In other, more rural parts of Iowa, however, the pandemic has brought into starker contrast the divide between Iowans who can and cannot access broadband or high-speed internet - defined by the Federal Communications Commission as defined as 25 megabits per second download speed and 3 megabits to upload.
Nationwide, 18 million Americans lack broadband access, according to February data from FCC.
The latest information from BroadbandNow, an organization that collects and analyzes internet provider coverage and availability, ranks Iowa near the bottom - 45th - in terms of access to broadband among U.S. states, factoring in low-price plans, wired broadband coverage and friendliness to broadband competition.
With an average statewide speed of 38 Mbps, 89.7 percent of Iowans have access to wired broadband 25 megabits per second or faster.
'It's difficult for providers to expand the geographic scope of their service to a wide amount because of staff shortages and quarantining,” said Dave Duncan, CEO of the Iowa Communications Alliance, which represents 120 Iowa-based broadband providers.
To counteract this, he said, some schools and broadband companies have partnered to ensure students still can complete lessons from home. For example, a school might identify unconnected houses and pay for modems that providers will hook up to supply service.
More than 60 internet service providers - including ImOn, AT&T, Comcast, Mediacom and Verizon - have signed on to the FCC's Keep Americans Connected pledge, committing not to disconnect or charge late fees to residential or small business customers who, as a result of COVID-19, cannot pay their monthly bills.
Other smaller providers, including South Slope, did not sign but said it would work case by case with customers struggling to pay during the outbreak.
”When you're an Iowa-based provider, you know your customers, so they prefer to work individually with people rather than follow an FCC pledge,” Duncan said.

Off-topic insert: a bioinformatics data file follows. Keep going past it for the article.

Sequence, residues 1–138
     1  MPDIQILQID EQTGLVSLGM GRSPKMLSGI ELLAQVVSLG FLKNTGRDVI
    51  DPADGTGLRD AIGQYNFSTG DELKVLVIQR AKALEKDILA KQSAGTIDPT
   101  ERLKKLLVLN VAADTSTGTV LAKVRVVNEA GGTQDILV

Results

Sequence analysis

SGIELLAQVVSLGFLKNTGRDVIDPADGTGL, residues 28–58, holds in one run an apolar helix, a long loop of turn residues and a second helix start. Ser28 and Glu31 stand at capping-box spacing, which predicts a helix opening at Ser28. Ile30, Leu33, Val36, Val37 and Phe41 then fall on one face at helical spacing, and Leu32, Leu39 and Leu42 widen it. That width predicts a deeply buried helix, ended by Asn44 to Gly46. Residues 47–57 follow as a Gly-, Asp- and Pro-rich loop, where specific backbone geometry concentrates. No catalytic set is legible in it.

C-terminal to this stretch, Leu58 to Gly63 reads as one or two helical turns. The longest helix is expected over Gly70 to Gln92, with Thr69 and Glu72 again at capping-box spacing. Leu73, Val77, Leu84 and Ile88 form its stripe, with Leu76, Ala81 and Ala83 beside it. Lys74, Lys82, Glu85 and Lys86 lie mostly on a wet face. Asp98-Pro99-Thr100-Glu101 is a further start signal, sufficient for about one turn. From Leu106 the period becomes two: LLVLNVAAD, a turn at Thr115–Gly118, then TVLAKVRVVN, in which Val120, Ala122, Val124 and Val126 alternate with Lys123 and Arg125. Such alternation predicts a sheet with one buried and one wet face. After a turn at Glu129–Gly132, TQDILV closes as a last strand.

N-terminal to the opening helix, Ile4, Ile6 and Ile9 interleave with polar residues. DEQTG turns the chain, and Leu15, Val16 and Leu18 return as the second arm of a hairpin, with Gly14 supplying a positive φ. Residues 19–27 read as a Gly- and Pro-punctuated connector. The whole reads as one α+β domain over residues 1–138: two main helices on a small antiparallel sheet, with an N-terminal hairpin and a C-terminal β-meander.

The longer the pandemic continues, Duncan said, the more that internet providers, especially those already operating on a thin profit margin, could struggle to balance these accommodations with the need to generate revenue and keep their lights on.
'Our companies need to have some cash flow to keep the networks up and running fast and well,” he said. 'If the stay-at-home orders go on and on and on, and large chunks of the Iowa population are not working and are not able to pay their broadband bill, that will have a negative impact on the providers' ability to continue to offer service.
'But we're not there yet,” he added.
Deisbeck, with South Slope, said another potential challenge he intends to watch over the next 30 to 60 days involves residential customers reducing or discontinuing service after getting laid off or furloughed, plus business customers permanently closing.
That twofold impact would have a 'trickle-down effect” on revenue for internet service providers such as South Slope, he said.
'That's what we see as our biggest challenge, what (COVID-19) is going to do to the economy and our local communities that are going to be struggling as we work through this pandemic,” Deisbeck said.